At GGOB, we say small wins add up to big wins. Ari points out that success is built on small steps; again, big magical things are not what we are shooting for. Put away 4 bucks a day at 20, and you’ll be a millionaire at retirement.

  • Show them how they fit into a larger whole

Create a sense of belonging to something bigger than yourself. There’s a natural tension between being part of a group and being an individual. Ari says, “I want both”. He’s looking for a caring community full of strong, hopeful individuals.

He goes on to challenge us, saying there’s no reason we cannot do these every single day. Keep track! Scoreboard it!

As a pretty simple person, one of my favorite ways to learn is to know how I might screw things up before I even get started. You know, a list of things NOT to do. Ari did not disappoint.

Things not to do

  • Don’t ignore people
  • Don’t dump your anxiety on everyone around you
  • Don’t dismiss people’s ideas out of hand
  • Don’t have mood swings-people will withdraw
  • Don’t be cynical or sarcastic – you’ll diminish hope

 

Other things to consider

  • Teach hope – your people will do better
  • Actively provide hope by recognizing the little things
  • Ask questions that cultivate hope
  • What’s the best complement you‘ve gotten lately
  • What makes you feel like you matter?
  • Watch for moments of hope

 

I loved listening to this session. Ari is one of the best in the OBM Community. I was really struck by one thing he said. “This conference is a massive beacon of hope - OBM is all about hope.”

What’s not to love about a Community that’s all about hope?




Listen to Ari's session from the 2017 Gathering of Games:

How Having Hope Helps  Ari Weinzweig, Zingerman's   DOWNLOAD NOW!

Interested in hearing more great speakers like Ari Weinzweig?  Join us at the Gathering of Games, coming this September to Dallas, Texas!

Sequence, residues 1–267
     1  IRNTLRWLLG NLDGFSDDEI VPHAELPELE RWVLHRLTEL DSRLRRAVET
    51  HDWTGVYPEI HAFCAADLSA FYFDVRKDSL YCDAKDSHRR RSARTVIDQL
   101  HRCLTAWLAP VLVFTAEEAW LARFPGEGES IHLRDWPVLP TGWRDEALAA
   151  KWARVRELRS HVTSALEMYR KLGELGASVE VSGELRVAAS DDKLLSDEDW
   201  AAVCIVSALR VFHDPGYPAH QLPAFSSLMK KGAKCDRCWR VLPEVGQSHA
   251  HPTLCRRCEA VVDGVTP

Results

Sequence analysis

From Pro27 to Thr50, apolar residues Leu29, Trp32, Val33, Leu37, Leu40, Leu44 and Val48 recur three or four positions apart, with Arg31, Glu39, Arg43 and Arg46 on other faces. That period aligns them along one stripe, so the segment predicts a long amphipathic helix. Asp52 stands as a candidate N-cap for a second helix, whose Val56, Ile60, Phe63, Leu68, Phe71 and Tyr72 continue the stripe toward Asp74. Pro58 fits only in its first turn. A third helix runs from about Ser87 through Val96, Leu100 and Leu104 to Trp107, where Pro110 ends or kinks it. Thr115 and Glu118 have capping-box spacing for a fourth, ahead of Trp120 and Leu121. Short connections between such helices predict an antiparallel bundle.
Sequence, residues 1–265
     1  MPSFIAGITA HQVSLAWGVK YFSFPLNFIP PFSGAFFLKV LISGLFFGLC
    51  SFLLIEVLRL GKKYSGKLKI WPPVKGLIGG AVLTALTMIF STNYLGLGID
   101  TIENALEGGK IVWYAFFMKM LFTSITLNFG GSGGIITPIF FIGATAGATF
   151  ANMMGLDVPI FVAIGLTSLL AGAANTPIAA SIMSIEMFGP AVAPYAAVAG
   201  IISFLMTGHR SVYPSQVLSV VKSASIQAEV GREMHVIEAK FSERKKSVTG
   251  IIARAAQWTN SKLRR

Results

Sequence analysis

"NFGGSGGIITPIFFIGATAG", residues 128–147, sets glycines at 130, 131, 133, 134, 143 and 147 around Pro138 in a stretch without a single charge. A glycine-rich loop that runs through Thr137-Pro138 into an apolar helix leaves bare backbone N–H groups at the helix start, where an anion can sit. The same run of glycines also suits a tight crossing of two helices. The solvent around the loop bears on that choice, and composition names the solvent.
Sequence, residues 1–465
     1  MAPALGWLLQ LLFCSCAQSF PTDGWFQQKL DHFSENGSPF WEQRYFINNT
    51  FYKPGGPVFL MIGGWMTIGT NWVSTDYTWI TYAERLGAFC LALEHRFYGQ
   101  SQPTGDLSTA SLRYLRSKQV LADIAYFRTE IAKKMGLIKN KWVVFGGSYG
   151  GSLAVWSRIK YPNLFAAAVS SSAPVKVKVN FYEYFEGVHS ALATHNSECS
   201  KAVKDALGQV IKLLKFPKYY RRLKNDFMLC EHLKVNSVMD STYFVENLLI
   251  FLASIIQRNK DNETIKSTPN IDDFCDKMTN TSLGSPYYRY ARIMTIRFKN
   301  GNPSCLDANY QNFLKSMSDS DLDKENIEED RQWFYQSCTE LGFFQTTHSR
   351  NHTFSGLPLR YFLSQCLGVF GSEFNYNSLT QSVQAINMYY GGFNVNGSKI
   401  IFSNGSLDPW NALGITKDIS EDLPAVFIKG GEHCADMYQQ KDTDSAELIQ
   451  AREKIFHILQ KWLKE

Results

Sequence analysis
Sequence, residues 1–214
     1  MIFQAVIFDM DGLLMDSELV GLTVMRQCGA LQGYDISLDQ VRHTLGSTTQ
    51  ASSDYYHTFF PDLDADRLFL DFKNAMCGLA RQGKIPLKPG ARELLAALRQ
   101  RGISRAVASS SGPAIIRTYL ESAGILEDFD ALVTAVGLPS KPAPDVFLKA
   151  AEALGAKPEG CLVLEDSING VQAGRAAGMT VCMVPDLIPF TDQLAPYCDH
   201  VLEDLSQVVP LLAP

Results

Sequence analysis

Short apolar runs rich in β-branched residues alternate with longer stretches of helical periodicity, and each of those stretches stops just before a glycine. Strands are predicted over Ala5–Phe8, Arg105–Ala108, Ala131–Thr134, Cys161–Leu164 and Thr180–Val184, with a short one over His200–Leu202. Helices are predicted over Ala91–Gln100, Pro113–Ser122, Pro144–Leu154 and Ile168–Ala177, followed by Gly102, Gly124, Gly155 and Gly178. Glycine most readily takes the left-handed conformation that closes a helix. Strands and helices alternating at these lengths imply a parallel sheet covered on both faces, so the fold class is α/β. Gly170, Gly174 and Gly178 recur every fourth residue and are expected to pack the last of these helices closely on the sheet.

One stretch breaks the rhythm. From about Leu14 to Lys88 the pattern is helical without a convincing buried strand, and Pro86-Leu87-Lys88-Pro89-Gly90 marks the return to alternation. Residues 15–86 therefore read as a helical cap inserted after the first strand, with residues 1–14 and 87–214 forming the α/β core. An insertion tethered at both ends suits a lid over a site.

Learn More About The Gathering


Topics: Gathering of Games, engagement, All-Star Team

Steve Baker
Written by Steve Baker

Steve Baker is the Vice President of The Great Game of Business, Inc., a division of employee-owned SRC Holdings Corporation. Known for his high-energy and engaging message, Steve has become a top-rated and sought after speaker, author and coach on topics of open-book management, strategy and execution, leadership and employee engagement. Steve co-wrote the update of the best-selling book, The Great Game of Business 20th Anniversary Edition. Baker spent two decades working for privately-held companies, struggling to help owners reach their goals without access to key business metrics. Learning to play the Great Game of Business at SRC changed his life both at work and at home. He also serves on the Board of the National Center for Employee Ownership as well as the Steering Committee for SRC’s Ownership Culture Initiative. Steve is a career marketing and branding professional and is an award-winning designer. He lives in Springfield, Missouri with his trophy wife, JoAnn, and his three above-average children.

About The Great Game of Business

Our approach to running a company was developed to help close one of the biggest gaps in business: the gap between managers and employees. We call our open-book approach The Great Game of Business. What lies at the heart of The Game is a very simple proposition: The best, most efficient, most profitable way to operate a business is to give everybody in the company a voice in saying how the company is run and a stake in the outcome. Let us teach you how to develop a culture of ownership, where employees think, act and feel like owners.